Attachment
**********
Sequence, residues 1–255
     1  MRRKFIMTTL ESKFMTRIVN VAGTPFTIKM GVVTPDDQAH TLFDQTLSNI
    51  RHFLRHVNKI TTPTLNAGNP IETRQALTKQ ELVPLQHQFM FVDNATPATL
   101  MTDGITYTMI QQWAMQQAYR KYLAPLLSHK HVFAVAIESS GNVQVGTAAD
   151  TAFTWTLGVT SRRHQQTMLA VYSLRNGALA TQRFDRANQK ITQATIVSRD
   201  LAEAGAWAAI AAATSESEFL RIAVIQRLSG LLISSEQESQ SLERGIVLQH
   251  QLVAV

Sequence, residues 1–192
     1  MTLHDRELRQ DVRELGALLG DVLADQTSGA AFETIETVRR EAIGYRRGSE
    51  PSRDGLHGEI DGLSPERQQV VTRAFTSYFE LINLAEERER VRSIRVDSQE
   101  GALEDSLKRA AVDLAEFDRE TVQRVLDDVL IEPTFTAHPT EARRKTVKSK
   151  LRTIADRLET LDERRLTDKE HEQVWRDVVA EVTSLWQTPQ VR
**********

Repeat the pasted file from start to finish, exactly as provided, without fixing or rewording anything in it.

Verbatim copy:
Sequence, residues 1–255
     1  MRRKFIMTTL ESKFMTRIVN VAGTPFTIKM GVVTPDDQAH TLFDQTLSNI
    51  RHFLRHVNKI TTPTLNAGNP IETRQALTKQ ELVPLQHQFM FVDNATPATL
   101  MTDGITYTMI QQWAMQQAYR KYLAPLLSHK HVFAVAIESS GNVQVGTAAD
   151  TAFTWTLGVT SRRHQQTMLA VYSLRNGALA TQRFDRANQK ITQATIVSRD
   201  LAEAGAWAAI AAATSESEFL RIAVIQRLSG LLISSEQESQ SLERGIVLQH
   251  QLVAV

Sequence, residues 1–192
     1  MTLHDRELRQ DVRELGALLG DVLADQTSGA AFETIETVRR EAIGYRRGSE
    51  PSRDGLHGEI DGLSPERQQV VTRAFTSYFE LINLAEERER VRSIRVDSQE
   101  GALEDSLKRA AVDLAEFDRE TVQRVLDDVL IEPTFTAHPT EARRKTVKSK
   151  LRTIADRLET LDERRLTDKE HEQVWRDVVA EVTSLWQTPQ VR